A Mothers' Day to Cherish
It has been a very memorable 3 days for me and my family.
I failed to raise my daughter's school fees for this term, not to mention a huge balance carried forward from last year, partly because I have so many adopted daughters who also had to be paid for school fees in their various schools and classes, plus the fact that work has been just too hard to come by of late.
I therefore decided to accompany her to school, some 400 kilometers from the city, in order to explain to the school administration why she was going to school without fees, and when it would be forthcoming. We left Nairobi on Thursday, 9th May, and on 10th, I took my daughter to school, and she was allowed in class after my promise to raise and pay her fees soonest.
Come Saturday and I left my matrimonial home for the journey back to the city. We had barely gone 100 kilometers before we were involved in a nasty accident that left 3 people, a woman and two men, dead. In the long, few minutes that the accident was unfolding, I wrote and autosent this text message to my family, since I knew my 15 month old daughter and I were surely dying:
"We've been involved in an accident. Please pray for us. If we don't make it, remember us with love."
No sooner had I pressed the send option, than my phone flew out of my hands. The bus was now full of smoke, swerving like crazy and making the weirdest noises I ever heard. We were filled with terror, and in a panic, everyone was screaming, praying or crying out at the tops of their voices. In those terrifying moments, I observed that women were the only ones who were praying. The men were just shouting at the driver to stop the 'damn bus,' while hurling abusive language at him when he didn't.
In as much as I had resigned the fate of my baby daughter and myself to inevitable death, I asked God why He wanted to call me home, when I had not fulfilled my promise to the hundreds of girls and women at my Centre. I asked Him why he couldn't allow me only two years, to see my two daughters graduate from high school where they both finish next year. Before my final prayer for our souls, I told God that I would really love to stay alive, to see all my kids, both biological and adopted, through college, that I knew if I died now, they would never get an education. Finally, I repented for having found fault with God's work, and prepared for the worst, quietly.
Meanwhile, I noticed in my silence, as I watched my daughter sleeping peacefully in my arms, despite the commotion, that all the women were not praying for their souls, but for their families! They were praying that God gives their children the strength to bear life without their mothers, that their husbands not marry women who would mistreat their children, and that God also gives their children strong love and understanding among themselves, to be their siblings' keepers.
After about 200 meters at a terrifying pace, our bus, which was full to capacity with 65 passengers excluding tens of children, screeched to a halt. It is so sad that the deceased woman had jumped through the window to escape inevitable death, while the two men died as a result of a stampede by the men in the bus rushing to jump out the door. The cause of the accident was a burst rear tire, while careening uphill, and the driver did a commendable job driving until he cleared the incline, before stopping at a flat area of the road. He most definitely saved our lives. This was at an area called Kapsasur, and we were rushed to a hospital in Kapsabet town, by good Samaritans and the police, where we were treated for shock and minor injuries.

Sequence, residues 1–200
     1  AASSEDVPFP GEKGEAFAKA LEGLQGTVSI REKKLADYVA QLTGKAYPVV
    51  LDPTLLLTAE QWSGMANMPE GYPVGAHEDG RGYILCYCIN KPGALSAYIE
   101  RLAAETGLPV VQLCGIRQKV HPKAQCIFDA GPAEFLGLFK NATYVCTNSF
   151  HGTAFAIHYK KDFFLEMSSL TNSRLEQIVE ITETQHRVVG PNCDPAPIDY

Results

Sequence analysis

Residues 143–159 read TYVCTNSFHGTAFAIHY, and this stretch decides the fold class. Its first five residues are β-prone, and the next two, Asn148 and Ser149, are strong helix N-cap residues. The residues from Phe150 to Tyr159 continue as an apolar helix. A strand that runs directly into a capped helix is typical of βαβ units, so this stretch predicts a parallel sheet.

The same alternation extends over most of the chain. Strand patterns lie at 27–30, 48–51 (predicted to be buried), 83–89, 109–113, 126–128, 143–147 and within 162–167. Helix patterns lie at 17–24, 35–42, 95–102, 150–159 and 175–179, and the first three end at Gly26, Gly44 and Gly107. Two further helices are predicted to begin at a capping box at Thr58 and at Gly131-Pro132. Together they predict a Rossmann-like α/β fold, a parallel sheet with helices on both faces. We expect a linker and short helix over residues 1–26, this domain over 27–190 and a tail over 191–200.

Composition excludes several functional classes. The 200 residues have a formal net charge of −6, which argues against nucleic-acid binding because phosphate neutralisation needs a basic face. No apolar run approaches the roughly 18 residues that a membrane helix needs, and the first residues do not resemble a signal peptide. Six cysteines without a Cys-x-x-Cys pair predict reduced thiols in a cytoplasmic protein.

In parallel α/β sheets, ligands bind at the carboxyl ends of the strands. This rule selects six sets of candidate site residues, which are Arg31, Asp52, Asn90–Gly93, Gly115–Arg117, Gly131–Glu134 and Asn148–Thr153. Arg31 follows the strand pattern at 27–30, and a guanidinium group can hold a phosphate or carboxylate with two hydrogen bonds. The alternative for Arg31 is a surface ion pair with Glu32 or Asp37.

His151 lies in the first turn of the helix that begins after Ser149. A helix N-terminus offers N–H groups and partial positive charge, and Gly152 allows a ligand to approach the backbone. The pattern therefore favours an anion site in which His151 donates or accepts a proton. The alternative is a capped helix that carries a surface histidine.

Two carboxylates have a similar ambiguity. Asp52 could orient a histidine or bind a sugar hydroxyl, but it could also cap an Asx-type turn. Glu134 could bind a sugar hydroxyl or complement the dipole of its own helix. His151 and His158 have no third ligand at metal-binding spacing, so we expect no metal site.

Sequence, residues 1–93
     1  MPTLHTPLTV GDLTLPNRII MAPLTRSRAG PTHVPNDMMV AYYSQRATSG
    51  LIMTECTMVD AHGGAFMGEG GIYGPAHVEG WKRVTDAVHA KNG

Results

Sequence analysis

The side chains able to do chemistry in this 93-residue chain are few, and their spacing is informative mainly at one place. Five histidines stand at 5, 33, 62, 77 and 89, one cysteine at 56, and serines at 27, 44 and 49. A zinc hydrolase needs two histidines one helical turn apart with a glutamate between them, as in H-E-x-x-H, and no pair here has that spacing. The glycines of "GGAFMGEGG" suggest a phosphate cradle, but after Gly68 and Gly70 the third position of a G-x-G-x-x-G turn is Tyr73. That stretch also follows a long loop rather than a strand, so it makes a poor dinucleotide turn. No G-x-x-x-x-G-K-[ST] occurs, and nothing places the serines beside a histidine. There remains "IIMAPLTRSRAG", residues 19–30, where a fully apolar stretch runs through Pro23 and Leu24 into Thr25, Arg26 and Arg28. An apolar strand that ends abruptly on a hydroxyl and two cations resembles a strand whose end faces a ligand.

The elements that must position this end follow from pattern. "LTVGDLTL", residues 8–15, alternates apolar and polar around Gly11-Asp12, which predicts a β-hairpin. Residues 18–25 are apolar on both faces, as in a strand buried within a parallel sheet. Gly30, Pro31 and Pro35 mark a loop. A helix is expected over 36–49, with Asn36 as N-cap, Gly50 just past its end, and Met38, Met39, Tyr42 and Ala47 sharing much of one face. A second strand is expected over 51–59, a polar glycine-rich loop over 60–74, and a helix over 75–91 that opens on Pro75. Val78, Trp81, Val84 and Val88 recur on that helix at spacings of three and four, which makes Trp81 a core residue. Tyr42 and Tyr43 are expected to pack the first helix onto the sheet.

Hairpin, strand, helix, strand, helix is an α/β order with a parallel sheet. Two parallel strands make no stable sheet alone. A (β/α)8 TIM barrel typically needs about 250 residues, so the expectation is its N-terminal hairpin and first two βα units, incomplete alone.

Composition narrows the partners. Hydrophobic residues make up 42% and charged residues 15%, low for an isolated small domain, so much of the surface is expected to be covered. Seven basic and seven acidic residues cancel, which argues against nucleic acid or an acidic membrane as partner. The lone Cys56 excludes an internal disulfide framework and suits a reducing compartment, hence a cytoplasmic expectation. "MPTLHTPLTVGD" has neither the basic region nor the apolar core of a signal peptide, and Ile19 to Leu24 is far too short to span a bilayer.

It was almost 4 hours later that the police brought our luggage and other effects where we were all congregated, that I finally got my phone, which had been found inside the bus. Another bus was availed for us to continue with the journey. By this time, am made to understand that mourners had already arrived at my paternal, matrimonial and city homes, to condole with my family, since they hadn't gotten any other news from me, and believed my text to have been a farewell from us.
I sent them another text message, thus:
"Thank you for your concern and prayers. We are fine, though 3 died. Been treated for shock and are on the road again. Sorry for the scare. Will call you as soon as I get to Nairobi. God bless you."
At this time, my body was trembling violently, so when my phone exploded with tens of calls from relieved family, relatives and friends, I switched it off, since I wasn't sure I could talk to anyone after the harrowing experience.
We arrived in Nairobi uneventfully, and I was pleasantly surprised to find my family waiting for me at the Bus Station.
Although I was still shaking, I believe those were the best hugs I ever got in my lifetime.
I have never seen my husband cry, but I witnessed it that day, which made me realize how precious life really is. The following day, yesterday, Sunday 12th May, was Mothers' Day, and I couldn't have asked for a better present than the friends and relatives who kept flocking to my place.
Today I went to the doctor to check on my massive headache, chest, ribs and back pains, and am really thankful that it was nothing major, my bones are all intact, and my little girl was also unscathed, seeing as she also slept through it all.
Looking back, I thank God for sparing our lives at that precise moment, because today, 13th May marks the 9th anniversary of my son's death, and I shudder to think how my family would have handled it.
The boy in the photo is my son, Alvin Ligaka Musumba, who died 9 years ago today, aged 2 and a half years, due to lack of proper medical attention since I could not afford it, and the little girl is my daughter, who survived the ordeal with me.
I just had to share the most incredible three days of my life, in the very recent past.